Then I miscarried at 9 weeks. At first I reasoned, At least it was early on. At least I didn’t miscarry at three months, or six months, or God forbid, even later.
Why, though? Did I have a hint of “it’s not really a baby yet” in my thinking? And why was I calling it a fetus? Isn’t it human from conception? And isn’t a human life lost no matter the gestational age?
As the reality of my miscarriage came into focus, I started grieve. My body wasn’t just passing a product of conception. It wasn’t a pregnancy that just “didn’t work.” My son or daughter died. It doesn’t matter that they never grew larger than the ring on my finger. It doesn’t matter that they didn’t “look like a baby,” yet. They had life, and then it was taken from them. And they are infinitely precious regardless of wether anyone recognizes it.
And so, I let myself cry. It comes in waves, whenever I remember that sweet little life. I will never touch their fingers or squeeze their feet. Someone in our family died, and they deserve our tears.
In a world where it’s legal to dismember babies and throw them out with the trash, dignifying this little one’s humanity was deeply healing. We gave them a name, and placed what we believe to be his or her body in a ring box, and buried them in a special place. We prayed, and lingered, and cried.
I have no doubt that losing a baby later in pregnancy is harder. Not because the baby’s value grows (he or she was valuable from day one), but because the mother’s affection grows. After you start to show, or feel the first kick, or find out the gender, you get to know your baby more. The more you know, the more you love, the more it hurts.
When grief swells up, it’s when I think of how this baby never even had a chance to grow– to be the newest addition to our family, to be introduced and doted on, to run around in the swarm of their older siblings. They may have lost all these things, but right now they are experiencing abundant gain. They may have only experienced the inside of my womb for a matter of weeks, but now their soul is clothed with immortality; their death has been swallowed up by life. Jesus will make everything right one day, and everything sad will come untrue. There will be many sweet reunions around the banquette table that day, and we will give thanks and glory to our sweet, sweet Jesus.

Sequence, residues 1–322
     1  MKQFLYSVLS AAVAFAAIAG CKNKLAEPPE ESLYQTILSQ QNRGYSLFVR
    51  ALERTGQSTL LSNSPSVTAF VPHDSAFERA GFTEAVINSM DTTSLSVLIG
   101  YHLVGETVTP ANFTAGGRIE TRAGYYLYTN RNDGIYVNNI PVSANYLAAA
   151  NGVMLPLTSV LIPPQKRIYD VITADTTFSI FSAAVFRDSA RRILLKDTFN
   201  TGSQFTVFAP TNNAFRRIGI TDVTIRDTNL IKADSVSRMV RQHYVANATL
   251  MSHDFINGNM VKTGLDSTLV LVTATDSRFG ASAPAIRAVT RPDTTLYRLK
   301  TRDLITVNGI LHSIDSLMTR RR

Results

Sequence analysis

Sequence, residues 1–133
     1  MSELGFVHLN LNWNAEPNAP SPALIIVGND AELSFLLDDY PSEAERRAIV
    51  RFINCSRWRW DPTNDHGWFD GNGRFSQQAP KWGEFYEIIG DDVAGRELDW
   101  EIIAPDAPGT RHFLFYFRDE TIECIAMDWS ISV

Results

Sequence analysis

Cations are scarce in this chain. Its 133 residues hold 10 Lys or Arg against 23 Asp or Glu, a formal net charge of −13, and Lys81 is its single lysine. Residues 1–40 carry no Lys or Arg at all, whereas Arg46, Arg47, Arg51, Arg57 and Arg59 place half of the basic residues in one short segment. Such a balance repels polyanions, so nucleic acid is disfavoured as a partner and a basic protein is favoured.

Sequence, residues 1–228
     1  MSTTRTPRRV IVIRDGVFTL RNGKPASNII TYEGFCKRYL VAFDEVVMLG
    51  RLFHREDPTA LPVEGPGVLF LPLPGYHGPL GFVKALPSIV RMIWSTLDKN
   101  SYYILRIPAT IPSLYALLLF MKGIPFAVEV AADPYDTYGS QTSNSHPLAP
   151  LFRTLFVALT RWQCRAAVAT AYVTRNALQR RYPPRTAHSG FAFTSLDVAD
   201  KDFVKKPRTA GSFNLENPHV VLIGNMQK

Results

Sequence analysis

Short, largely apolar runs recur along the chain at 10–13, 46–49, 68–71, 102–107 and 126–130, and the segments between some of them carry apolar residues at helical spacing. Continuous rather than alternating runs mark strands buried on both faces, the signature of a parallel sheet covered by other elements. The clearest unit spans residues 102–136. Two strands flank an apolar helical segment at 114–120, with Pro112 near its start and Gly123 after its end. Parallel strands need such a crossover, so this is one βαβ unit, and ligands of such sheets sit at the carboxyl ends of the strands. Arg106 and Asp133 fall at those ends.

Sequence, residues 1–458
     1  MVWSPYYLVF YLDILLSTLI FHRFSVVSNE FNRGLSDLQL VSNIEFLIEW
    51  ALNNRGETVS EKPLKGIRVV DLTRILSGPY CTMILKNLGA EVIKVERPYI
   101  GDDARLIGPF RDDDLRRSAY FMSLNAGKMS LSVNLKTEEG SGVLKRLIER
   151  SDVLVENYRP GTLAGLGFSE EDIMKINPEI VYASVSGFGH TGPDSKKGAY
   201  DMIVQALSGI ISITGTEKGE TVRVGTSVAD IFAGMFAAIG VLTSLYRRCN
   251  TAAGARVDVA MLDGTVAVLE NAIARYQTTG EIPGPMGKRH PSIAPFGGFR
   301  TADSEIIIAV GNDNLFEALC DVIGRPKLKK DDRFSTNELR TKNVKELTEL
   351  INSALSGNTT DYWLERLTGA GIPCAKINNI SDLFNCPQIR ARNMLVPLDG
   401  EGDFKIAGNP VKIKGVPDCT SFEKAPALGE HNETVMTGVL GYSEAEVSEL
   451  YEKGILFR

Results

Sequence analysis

For we who are in this tent groan, being burdened, not because we want to be unclothed, but further clothed, that mortality may be swallowed up by life. 2 Corinthians 5:4
Everything sad will come untrue. Even death is going to die! And he will wipe away every tear from every eye. -The Jesus Storybook Bible, p. 149
For if we believe that Jesus died and rose again, even so God will bring with Him those who sleep in Jesus. 1 Thessalonians 4:14
We are confident, yes, well pleased rather to be absent from the body and to be present with the Lord. 2 Corinthians 5;8
You made all the delicate, inner parts of my body and knit me together in my mother’s womb. Thank you for making me so wonderfully complex! Your workmanship is marvelous—how well I know it. You watched me as I was being formed in utter seclusion, as I was woven together in the dark of the womb. You saw me before I was born. Every day of my life was recorded in your book. Every moment was laid out before a single day had passed. Psalm 139:13
And God will wipe away every tear from their eyes; there shall be no more death, nor sorrow, nor crying. There shall be no more pain, for the former things have passed away. Revelation 21:4